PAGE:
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Tuesday Morning Notes

Behind the video — In this follow-up story, the man who recorded a video of a former Reston Association employee yelling racial slurs tells his side of the story. [WJLA]

Heat advisory continues today — The National Weather Service has issued an advisory from noon to 8 p.m. today. Residents are encouraged to limit outdoor activity, wear loose-fitting clothing and hydrate as much as possible. [National Weather Service]

It’s not too late — Slots in select Frying Pan Farm Park camps are still open. The park offers camps for children between the ages of 3 and 14. [Frying Pan Farm Park]

Nearby: funding for transportation — Fairfax County projects will get more than 40 percent of the more than $1 billion allocated for regional transportation projects. Several proposals for Reston projects didn’t make the cut. [Fairfax County Times]

Flickr pool photo by vantagehill

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Reston Under Flash Flood Watch This Afternoon

A flash flood watch is in effect from 2 p.m. through late tonight (May 31). Between two and four inches of rain are expected to fall in the area.

The National Weather Service issued the following alert earlier today:

* NUMEROUS SHOWERS AND THUNDERSTORMS CAPABLE OF PRODUCING HEAVY RAINFALL ARE EXPECTED TO APPROACH THE REGION THIS AFTERNOON AND CONTINUE PAST MIDNIGHT. LOCALIZED RAINFALL AMOUNTS OF 2 TO 4 INCHES ARE EXPECTED.

* RAPID RISES OF CREEKS AND STREAMS WILL BE POSSIBLE DUE TO TORRENTIAL RAINFALL, POTENTIALLY SPILLING BEYOND THEIR BANKS. IN ADDITION, LOW POINTS ALONG ROADWAYS MAY BECOME IMPASSIBLE DUE TO ACCUMULATING RUNOFF. FLASH FLOODING MAY DEVELOP QUICKLY.

PRECAUTIONARY/PREPAREDNESS ACTIONS… A FLASH FLOOD WATCH MEANS THAT CONDITIONS MAY DEVELOP THAT LEAD TO FLASH FLOODING. FLASH FLOODING IS A VERY DANGEROUS SITUATION. YOU SHOULD MONITOR LATER FORECASTS AND BE PREPARED TO TAKE ACTION SHOULD FLASH FLOOD WARNINGS BE ISSUED.

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Updated: Flash Flood Warning Issued for Reston, Penny-size Hail Reported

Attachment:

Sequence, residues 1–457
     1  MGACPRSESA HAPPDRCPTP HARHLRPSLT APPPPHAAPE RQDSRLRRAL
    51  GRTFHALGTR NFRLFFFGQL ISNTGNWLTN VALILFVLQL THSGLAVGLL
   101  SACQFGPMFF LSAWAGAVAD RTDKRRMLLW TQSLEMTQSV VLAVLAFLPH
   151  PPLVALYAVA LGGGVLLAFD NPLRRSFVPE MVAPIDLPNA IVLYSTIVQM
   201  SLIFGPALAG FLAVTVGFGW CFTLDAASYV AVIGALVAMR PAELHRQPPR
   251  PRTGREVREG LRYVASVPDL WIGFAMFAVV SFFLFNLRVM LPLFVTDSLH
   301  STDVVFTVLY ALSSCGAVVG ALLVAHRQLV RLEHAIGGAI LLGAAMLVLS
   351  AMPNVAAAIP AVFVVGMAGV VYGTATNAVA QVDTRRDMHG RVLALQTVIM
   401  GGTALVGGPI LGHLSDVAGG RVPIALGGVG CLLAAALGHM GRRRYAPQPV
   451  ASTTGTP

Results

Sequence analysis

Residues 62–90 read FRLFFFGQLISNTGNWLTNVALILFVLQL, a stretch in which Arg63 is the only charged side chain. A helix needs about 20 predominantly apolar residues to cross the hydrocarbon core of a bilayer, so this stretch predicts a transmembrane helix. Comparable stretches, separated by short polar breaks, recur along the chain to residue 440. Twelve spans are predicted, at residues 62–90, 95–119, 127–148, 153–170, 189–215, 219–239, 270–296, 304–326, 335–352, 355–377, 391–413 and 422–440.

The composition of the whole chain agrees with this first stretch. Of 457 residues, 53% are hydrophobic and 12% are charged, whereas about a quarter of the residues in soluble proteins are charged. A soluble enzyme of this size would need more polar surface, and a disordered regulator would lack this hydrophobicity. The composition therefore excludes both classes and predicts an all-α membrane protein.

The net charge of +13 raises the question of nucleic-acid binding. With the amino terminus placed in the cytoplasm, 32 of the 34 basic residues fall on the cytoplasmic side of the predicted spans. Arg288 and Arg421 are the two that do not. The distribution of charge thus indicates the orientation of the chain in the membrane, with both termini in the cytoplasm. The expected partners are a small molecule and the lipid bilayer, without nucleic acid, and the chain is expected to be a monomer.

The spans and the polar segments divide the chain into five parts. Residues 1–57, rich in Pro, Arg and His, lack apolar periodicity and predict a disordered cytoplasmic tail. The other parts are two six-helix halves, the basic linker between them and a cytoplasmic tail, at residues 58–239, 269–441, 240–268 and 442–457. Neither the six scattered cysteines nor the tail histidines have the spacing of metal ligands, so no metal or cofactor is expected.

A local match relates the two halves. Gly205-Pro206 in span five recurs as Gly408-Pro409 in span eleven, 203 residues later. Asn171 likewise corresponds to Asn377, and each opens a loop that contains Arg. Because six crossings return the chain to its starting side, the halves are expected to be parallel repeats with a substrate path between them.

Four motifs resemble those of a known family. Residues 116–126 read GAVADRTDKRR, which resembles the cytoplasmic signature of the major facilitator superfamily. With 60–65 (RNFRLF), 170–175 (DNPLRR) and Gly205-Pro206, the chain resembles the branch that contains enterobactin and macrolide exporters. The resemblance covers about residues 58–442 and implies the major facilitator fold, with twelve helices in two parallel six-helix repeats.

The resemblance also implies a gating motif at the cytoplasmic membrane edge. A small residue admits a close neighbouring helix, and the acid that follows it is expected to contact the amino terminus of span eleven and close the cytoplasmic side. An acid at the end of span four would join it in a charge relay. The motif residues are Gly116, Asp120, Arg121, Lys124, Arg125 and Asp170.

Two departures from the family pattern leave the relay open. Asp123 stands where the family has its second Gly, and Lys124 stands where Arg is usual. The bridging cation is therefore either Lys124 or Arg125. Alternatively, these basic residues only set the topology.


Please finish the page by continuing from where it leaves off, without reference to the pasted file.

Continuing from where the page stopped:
The National Weather Service has issued a flash flood warning for Fairfax County until 10 p.m. today. Residents should avoid flooded roads.

tornado warning for the area was canceled at 6:45 p.m. today. Penny-size was reported as a rain, hail, thunder, and strong winds swept into the area. 

Earlier:

A severe thunderstorm capable of producing a tornado was located near Leesburg. 

Residents should take cover by moving to a basement or an interior room on the lowest floor of a sturdy building, according to the alert.

Here’s more from NWS:

IMPACT…For those in the direct path of a tornado touchdown,
flying debris will be dangerous to those caught without
shelter. Damage to roofs, siding, and windows may occur.
Mobile homes may be damaged or destroyed. Tree damage is
likely.

* This dangerous storm will be near…
Lansdowne around 620 PM EDT.
Broadlands and Brambleton around 625 PM EDT.
Arcola around 630 PM EDT.
Ashburn and Countryside around 635 PM EDT.
Dulles International Airport around 640 PM EDT.
Reston, Herndon, Lowes Island, Oakton, Sterling, Chantilly and
Great Falls around 645 PM EDT.

Other locations impacted by this tornadic thunderstorm include
Congressional Manor, Belmont, Belleview, Sterling Park, Bradley
Farms, Cabin John and Fairfax Station.

Photos by @Cynthia_Adler, @wdudley2009 and @NWS_BaltWash

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Air Quality Alert Issued For Reston, Washington Metro Region

A National Weather Service code orange air quality alert has been issued for the Washington Metro region, including Reston.

The alert states that “air pollution concentrations within the region may become unhealthy for sensitive groups.” That includes children, asthma sufferers, the elderly, and those with heart and lung conditions.

Anyone outside of those groups are unlikely to experience any side effects.

For the sensitive groups, however, staying inside and avoiding exertion are the best ways to avoid air pollution effects, according to the alert.

A code orange is not an indication of the worst air quality. The color alert scale ranges from, in order of least to most harmful, green, yellow, orange, red, purple, and maroon.

The AQI, or air quality indicator, ranges from 0-500. Maroon would indicate the highest, most hazardous health concern, with an AQI of 301-500. The alert today (May 2), a code orange, indicates an AQI of 101-150.

Photo courtesy of Ryan Goff

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Wintry Mix Expected to Hit Reston This Afternoon

Freezing rain is expected to hit Reston and surrounding areas beginning this afternoon, according to the National Weather Service.

NWS issued a winter weather advisory that will remain in effect from 3 to 9 p.m. today. Freezing rain or rain that will freeze upon contact with cold surfaces. Sidewalks, roads and bridges are expected to very slippery.

“Even if temperatures rise above freezing, the ground and other surfaces are still extremely cold due to  the recent Arctic blast. This increases the likelihood of a glaze of ice on surfaces,” according to the advisory.